I’ve read Richard Cohen’s article several times over now, trying to see if I had missed something in translation. After all, I thought the original premise of the piece was pretty accurate: that Chris Christie, the newly re-elected governor of New Jersey and the presumptive Republican nominee for President in 2016 (according to The Narrative, anyway), has absolutely no shot of winning in the general election among an electorate that is arguably the most vitriolic and hate-filled in the GOP’s history. In times that has seen the successful rise of a political entity proudly hell-bent on causing the destruction of the federal government, and standing idly by as white men waved the Rebel banner in front of the home of the Black man that occupies the office of the Executive, Cohen was admittedly spot-on.
Cohen’s column seemed to do everything right, from denigrating the Half-Governor Sarah Palin (who never met a camera opportunity she didn’t like) to pointing out that conservatives, in their ever-strident quest to seek ideological purity, make political hay defeating those they see as capitulating RINOs like Christie in primaries, who dared to hug President Obama when Sandy laid waste to the Jersey Shore, especially as Iowa has indeed been a fomenting ground of sorts for the conservative rage seen throughout the country.
But then, in one of the most bizarre, disjointed paragraphs I’ve ever read, Cohen says this:
Today’s GOP is not racist, as Harry Belafonte alleged about the tea party, but it is deeply troubled — about the expansion of government, about immigration, about secularism, about the mainstreaming of what used to be the avant-garde. People with conventional views must repress a gag reflex when considering the mayor-elect of New York — a white man married to a black woman and with two biracial children. (Should I mention that Bill de Blasio’s wife, Chirlane McCray, used to be a lesbian?) This family represents the cultural changes that have enveloped parts — but not all — of America. To cultural conservatives, this doesn’t look like their country at all.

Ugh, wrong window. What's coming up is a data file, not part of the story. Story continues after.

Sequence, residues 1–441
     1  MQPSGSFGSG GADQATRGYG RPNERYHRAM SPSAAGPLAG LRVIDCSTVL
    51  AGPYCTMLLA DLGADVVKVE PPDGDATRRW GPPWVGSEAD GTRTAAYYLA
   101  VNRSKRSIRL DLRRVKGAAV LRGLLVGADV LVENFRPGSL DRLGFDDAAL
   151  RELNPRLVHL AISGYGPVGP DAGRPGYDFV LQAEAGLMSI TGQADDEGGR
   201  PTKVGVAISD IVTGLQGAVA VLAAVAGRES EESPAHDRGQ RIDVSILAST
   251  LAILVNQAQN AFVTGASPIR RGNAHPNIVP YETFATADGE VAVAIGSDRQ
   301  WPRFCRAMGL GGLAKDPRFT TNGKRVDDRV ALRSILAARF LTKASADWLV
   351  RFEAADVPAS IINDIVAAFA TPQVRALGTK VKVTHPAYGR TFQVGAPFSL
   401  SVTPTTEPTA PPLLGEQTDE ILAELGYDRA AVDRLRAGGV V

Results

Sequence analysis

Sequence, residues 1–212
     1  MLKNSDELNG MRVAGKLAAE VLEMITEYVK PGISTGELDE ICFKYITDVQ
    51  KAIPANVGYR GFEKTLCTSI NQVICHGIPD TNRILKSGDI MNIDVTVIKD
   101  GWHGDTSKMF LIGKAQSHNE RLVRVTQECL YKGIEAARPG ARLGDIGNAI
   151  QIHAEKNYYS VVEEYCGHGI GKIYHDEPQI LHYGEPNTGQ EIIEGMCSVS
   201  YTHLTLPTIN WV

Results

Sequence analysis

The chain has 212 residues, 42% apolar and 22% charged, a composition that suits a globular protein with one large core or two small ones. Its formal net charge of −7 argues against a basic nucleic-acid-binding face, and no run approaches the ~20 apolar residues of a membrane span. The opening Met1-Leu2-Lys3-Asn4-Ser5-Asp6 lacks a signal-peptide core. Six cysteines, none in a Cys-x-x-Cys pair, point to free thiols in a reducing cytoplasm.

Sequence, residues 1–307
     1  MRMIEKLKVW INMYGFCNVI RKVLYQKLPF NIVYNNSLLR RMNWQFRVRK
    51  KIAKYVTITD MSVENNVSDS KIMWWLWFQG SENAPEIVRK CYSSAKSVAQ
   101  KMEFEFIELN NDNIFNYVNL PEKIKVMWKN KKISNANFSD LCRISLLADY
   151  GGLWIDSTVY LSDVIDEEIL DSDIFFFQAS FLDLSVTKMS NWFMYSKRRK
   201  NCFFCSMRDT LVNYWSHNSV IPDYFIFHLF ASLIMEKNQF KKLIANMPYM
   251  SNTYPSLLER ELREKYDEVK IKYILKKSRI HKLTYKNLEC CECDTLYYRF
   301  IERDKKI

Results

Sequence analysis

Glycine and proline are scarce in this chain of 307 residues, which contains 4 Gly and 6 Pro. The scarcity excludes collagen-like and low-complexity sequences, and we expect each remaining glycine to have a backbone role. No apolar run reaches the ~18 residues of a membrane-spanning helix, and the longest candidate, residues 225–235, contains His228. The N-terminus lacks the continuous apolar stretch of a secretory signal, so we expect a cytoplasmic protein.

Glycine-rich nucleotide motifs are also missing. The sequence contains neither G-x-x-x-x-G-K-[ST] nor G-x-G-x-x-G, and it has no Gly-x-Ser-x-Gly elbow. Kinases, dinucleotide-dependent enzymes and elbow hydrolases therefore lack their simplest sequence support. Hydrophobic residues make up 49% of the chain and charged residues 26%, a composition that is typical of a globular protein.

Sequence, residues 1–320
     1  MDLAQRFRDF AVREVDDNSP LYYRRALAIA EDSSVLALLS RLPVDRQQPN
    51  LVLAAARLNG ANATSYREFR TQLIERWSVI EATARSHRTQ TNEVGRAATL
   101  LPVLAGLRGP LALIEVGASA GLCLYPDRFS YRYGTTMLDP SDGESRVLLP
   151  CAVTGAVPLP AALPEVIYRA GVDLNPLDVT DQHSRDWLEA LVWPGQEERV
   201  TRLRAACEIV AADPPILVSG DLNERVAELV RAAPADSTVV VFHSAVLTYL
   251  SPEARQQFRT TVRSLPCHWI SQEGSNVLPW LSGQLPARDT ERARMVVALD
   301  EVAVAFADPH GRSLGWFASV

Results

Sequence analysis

When I first read this, my first instincts were that this was a really bad job on the part of the copy editors. That operative word–conventional–kept sticking out to me. Conventional, to whom exactly? Did he mean conservative? Was he intending to take a potshot at the xenophobes on the Right that long for a return to the white male power structure?
Or was Cohen projecting his own ethnocentrism onto the piece, as he has on previous occasions? Was this a way for him to express his racism on his platform at The Washington Post in a high-minded manner that most (he thought) would not catch? Why would he go so far out of his way to insult the incoming Mayor of New York City and his entire family to establish his point about Governor Christie?
Richard Cohen has written much in the way of crass, unenlightened, and misogynistic columns, but what makes this one worse is that proper editing may have been able to turn this column into a piece that had much more to say than the offending paragraph. Whatever the case, if you happen to be a person that gags when you see an interracial family, or any type of racial coming together, that does indeed make you a bigot, regardless of how upset you may be when called out on it.